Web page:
Entering into a Blood Covenant with God and God with us, bound to one another in all ways as equals and forever is a three-step process. There are not three covenants, rather the one Covenant applies at three ever deeper levels of knowing God.

The second step of entering into this Blood Covenant between God and us is baptism in the Spirit. God is Spirit who dwells in the realms of Spirit, heaven. How can we know what entering into Covenant with God means unless we surrender ourselves to the realms of Spirit in which God lives? The Baptism of the Spirit is a surrender of trust. Those who refuse the Baptism of the Spirit do so entirely because they DO NOT trust God. They think He's up to no good, that He will give them a demon, make them do stupid things, and lead them into deception, if they surrender themselves to immersion into the Holy Spirit.
Baptism in water is a contract, not a covenant. God will honor His side of that contract regardless. But baptism in water is not the binding commitment of equality that the Blood Covenant is. Those who enter into a contract with God through baptism in water - and remember, no one can begin any agreement with God until they are first made alive - will enjoy the benefits and blessings of that contract, which include peace with God. But it is a contract only and thus limited.

Baptism into the Spirit is like a marriage covenant. It is not the fullness of the Blood Covenant, but it is far more than a contract. Once someone allows Jesus to immerse them into the Spirit, they now live in the Spirit, that is, they are fully in heaven. We don't see heaven all around us because we are blind; God has not yet removed the cataracts from our eyes. But Paul said that if we live in the Spirit, we should also walk in the Spirit. Spirit and Heaven are the same thing. We live in heaven - we should also walk in heaven. But since we are yet blind, that is, our spirit-eyes, which are a literal and substantial organ of our spirits, are yet covered by cataracts, we must walk in heaven by faith.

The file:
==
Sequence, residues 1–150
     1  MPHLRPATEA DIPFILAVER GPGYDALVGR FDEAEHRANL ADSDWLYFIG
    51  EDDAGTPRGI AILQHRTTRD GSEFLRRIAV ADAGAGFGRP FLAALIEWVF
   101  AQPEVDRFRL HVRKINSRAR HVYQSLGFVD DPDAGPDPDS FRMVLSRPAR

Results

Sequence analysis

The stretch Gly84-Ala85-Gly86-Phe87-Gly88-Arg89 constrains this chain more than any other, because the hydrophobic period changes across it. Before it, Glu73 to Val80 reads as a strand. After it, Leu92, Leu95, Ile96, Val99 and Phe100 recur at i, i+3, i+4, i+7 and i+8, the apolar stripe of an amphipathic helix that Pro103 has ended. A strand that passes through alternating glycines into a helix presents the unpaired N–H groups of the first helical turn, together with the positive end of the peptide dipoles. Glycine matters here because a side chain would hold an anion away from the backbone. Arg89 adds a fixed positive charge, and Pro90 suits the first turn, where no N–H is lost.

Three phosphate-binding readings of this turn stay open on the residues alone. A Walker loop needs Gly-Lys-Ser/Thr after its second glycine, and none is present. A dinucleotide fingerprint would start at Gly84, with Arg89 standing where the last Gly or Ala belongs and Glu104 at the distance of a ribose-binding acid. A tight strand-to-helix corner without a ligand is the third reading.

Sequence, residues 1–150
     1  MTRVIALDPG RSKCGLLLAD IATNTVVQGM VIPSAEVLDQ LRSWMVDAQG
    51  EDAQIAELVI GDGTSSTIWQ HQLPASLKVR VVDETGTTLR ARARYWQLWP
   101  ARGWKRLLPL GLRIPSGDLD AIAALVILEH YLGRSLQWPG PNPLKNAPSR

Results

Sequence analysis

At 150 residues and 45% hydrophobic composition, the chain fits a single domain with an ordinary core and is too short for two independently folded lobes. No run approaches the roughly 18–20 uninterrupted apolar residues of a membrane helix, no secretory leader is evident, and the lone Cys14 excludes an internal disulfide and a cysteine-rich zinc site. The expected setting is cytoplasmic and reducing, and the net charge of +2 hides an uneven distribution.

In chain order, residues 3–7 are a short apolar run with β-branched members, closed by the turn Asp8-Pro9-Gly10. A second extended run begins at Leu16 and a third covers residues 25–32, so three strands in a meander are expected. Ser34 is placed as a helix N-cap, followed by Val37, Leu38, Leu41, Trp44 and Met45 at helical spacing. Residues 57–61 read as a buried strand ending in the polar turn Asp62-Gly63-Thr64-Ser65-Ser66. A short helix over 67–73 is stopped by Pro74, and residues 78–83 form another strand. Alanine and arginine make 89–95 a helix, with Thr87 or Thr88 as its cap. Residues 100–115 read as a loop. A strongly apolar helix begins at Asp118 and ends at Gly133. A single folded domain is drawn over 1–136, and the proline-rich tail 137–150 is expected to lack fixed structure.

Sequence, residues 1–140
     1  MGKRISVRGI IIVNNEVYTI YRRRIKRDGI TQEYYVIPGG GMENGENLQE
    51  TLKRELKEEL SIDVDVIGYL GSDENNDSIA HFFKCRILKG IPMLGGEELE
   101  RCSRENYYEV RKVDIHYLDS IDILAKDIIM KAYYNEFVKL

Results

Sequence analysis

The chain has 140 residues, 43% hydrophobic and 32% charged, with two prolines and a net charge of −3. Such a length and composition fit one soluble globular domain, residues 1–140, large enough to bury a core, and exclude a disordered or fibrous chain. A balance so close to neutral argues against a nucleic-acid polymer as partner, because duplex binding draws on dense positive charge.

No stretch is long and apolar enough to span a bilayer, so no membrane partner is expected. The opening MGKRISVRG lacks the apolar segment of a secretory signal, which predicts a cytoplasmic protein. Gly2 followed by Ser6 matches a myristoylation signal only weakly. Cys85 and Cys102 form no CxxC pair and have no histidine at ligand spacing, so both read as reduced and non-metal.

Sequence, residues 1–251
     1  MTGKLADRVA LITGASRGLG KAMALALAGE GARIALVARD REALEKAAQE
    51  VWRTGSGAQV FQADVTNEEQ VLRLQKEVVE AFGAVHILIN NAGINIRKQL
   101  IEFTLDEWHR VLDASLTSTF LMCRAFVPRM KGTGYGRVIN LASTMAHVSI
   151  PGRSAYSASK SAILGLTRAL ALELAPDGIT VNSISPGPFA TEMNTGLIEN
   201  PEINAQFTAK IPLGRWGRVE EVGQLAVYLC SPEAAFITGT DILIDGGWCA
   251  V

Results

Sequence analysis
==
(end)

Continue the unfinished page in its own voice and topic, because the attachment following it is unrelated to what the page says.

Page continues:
People who say, "Oh, when we 'get to heaven,'" are walking in ignorance and just a little disobedience - Paul said, "Do not say 'go to heaven.'" He had a solid reason for saying that. We live and walk in heaven fully all the time, we do so by faith until such time as God removes the cataracts from our spirit-eyes. Once He does that, we will see clearly heaven all around us without ever "leaving the earth."
The purpose of entering into full immersion of the Spirit is that we might grow up into Christ so that we might be capable of entering into the Blood Covenant with God. All born-again Christians are welcome to enter freely into that Blood Covenant, few choose to do so.
Most of those who are immersed into the Holy Spirit, who now live and walk in heaven, are simply uninterested in entering into the full Blood Covenant with God. Why they are uninterested, I have not yet completely worked out, not having entered, fully, into that Covenant myself. Nevertheless, they are now in a marriage agreement with God and God will show Himself faithful to all provisions and terms of that marriage.
I am not interested in a contract with God to be happy forever - only. I am not interested in a marriage agreement with the Lamb and all the glory and wonder that means - only. God has offered to me a Blood Covenant with Himself and I am very interested. There my face has always been set, though I knew it not. And Jesus has agreed, not just to take me to Himself as His Bride, but to take me to the Father and to be the surety of a Blood Covenant between myself and God.

Every Christian on this planet should know fully every part and particle of the Tabernacle of Moses in the wilderness and what it means in the Christian life and walk, what each part means in the New Testament. The fact that they do not fills me with great sorrow.
Let me give, here, a quick run-through. We enter the gate of the outer court by asking Jesus into our hearts, surrendering ourselves to God by an act of our will through the speaking of our voice. Then, we immediately see the brass altar, the sacrifice of Jesus AS God's judgment against sin. We progress, then to the brass wash-basin, which represents baptism in water, God's judgment on the old man - dead in Christ - and which represents the washing of the water of the word, as we allow the things God says in the Bible to clean us up outwardly.